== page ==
Apr 30, 2016 · 5 min read

Some suggestions on how to give feedback like pro and take feedback like a champ.

Feedback is crucial to development

Feedback is like a first date: if you play it right you have a chance to further that relationship, if you mess it up you’ll end up being the frustrating topic of conversation between that person and their loved ones.

Exchange of impressions and opinions is a huge part of how we communicate, so getting the words to work in our favor can greatly improve our relationships to others, and open a lot of doors for personal development.

Giving feedback

  1. Always start with the positive. Even if it’s not obvious at first, it’s impossible that you can’t find something to GENUINELY praise. Be honest and give specific examples. Make it a phrase not just a 3 word sentence like “it’s good, BUT” or ‘I really like it, BUT”.
  2. Avoid using the dreadful BUT. Don’t think you’re being smart by replacing it with however, nevertheless or other synonyms. It’s not a good idea to use these words because it makes the receiver feel like whatever was said before was either not important or indeed not genuine. It will make them less receptive and more skeptical.
  3. Offer only constructive feedback. Share points on which the receiver can actually improve. Asking someone to be smarter is like asking them to be taller i.e. nonsensical. You could suggest that they pay more attention to their decision making process, or make adjustments to their work flow for increased effectiveness.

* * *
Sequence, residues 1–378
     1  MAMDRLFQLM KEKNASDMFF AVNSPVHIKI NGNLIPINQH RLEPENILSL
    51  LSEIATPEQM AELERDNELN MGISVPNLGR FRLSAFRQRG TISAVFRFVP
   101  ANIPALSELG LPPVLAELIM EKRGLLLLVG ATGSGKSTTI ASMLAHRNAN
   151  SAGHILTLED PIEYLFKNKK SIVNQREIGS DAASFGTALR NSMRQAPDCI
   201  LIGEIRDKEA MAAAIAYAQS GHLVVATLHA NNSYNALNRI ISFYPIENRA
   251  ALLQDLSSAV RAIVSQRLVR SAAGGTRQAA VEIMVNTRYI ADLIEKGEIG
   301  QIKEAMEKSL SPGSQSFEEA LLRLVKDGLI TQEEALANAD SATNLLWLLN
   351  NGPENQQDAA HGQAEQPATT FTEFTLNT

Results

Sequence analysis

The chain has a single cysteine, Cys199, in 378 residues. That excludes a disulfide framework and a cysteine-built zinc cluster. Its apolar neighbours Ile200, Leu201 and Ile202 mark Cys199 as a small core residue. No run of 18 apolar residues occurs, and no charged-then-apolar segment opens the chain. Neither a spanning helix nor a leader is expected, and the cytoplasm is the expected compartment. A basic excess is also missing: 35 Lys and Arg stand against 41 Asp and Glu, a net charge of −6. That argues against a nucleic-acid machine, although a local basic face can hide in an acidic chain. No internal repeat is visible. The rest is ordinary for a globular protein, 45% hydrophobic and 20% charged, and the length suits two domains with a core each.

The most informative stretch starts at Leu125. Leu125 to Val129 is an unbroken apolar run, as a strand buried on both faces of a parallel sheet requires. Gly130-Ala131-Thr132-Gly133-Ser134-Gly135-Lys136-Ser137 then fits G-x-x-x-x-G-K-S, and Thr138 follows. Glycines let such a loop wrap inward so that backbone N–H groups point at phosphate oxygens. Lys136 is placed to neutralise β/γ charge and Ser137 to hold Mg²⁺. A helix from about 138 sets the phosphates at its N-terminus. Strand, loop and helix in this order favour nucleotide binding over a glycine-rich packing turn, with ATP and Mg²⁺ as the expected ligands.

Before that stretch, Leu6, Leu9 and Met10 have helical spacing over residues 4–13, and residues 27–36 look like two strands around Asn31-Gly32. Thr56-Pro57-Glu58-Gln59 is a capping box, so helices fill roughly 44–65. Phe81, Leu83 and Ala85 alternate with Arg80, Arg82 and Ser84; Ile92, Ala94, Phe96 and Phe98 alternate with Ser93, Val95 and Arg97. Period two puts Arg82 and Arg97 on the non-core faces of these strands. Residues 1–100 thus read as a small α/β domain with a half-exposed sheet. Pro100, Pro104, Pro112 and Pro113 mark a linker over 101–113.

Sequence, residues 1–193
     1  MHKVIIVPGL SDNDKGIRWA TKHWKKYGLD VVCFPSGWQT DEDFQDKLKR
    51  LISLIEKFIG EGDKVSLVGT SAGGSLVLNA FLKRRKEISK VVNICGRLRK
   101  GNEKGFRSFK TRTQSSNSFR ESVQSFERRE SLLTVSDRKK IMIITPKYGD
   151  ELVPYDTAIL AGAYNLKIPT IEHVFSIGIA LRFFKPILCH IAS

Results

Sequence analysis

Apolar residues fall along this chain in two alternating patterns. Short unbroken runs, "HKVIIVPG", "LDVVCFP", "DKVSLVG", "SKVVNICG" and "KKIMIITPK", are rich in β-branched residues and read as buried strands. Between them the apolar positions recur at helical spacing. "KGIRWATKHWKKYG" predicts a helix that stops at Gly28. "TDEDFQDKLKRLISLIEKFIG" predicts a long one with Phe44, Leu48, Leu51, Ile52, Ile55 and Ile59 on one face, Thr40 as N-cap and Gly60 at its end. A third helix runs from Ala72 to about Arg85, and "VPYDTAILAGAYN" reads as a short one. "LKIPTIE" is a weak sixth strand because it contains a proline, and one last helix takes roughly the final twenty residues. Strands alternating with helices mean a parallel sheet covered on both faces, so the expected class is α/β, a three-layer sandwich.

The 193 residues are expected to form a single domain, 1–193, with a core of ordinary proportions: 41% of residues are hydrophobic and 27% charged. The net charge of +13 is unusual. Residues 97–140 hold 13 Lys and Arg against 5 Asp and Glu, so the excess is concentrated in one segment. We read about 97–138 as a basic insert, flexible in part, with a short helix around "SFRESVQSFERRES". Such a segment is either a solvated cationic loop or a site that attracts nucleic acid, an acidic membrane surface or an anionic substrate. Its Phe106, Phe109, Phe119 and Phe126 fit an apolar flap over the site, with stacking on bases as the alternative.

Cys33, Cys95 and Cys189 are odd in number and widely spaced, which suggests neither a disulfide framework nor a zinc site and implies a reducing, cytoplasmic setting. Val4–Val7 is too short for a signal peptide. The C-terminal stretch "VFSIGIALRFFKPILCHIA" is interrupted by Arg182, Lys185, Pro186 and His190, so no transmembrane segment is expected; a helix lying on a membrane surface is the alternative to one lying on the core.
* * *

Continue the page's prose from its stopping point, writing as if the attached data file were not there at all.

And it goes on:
4. Don’t judge, explain how it affected you. Instead of blaming the other person illustrate the effect that their actions had on your situation and that together you could find a way avoid such situations in the future. This makes them feel understood rather than attacked, increasing the chances of them actively listening.
  5. Use concrete examples. Describe the observed behaviour/ performance/ work with specific examples. Avoid generalising and go into details that clarify your points. Of course, pay attention not to bore everyone with too much detail, calibrate accordingly.
  6. Pause and listen for clarifying questions. Even if you think you were crystal clear there might be additional questions, so listen carefully and explain patiently. Even if you have to repeat some information, be cool ;)